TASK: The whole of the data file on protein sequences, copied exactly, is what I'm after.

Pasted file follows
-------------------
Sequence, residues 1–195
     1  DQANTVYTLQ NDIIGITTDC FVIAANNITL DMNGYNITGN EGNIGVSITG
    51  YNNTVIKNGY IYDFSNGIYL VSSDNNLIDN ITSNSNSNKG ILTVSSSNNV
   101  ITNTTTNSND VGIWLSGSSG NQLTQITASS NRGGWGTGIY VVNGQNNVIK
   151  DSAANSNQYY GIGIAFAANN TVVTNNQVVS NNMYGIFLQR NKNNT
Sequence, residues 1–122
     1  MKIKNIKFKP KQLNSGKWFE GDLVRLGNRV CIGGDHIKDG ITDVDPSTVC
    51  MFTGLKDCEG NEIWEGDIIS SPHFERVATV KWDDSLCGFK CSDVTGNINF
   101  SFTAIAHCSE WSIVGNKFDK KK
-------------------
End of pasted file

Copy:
Sequence, residues 1–195
     1  DQANTVYTLQ NDIIGITTDC FVIAANNITL DMNGYNITGN EGNIGVSITG
    51  YNNTVIKNGY IYDFSNGIYL VSSDNNLIDN ITSNSNSNKG ILTVSSSNNV
   101  ITNTTTNSND VGIWLSGSSG NQLTQITASS NRGGWGTGIY VVNGQNNVIK
   151  DSAANSNQYY GIGIAFAANN TVVTNNQVVS NNMYGIFLQR NKNNT
Sequence, residues 1–122
     1  MKIKNIKFKP KQLNSGKWFE GDLVRLGNRV CIGGDHIKDG ITDVDPSTVC
    51  MFTGLKDCEG NEIWEGDIIS SPHFERVATV KWDDSLCGFK CSDVTGNINF
   101  SFTAIAHCSE WSIVGNKFDK KK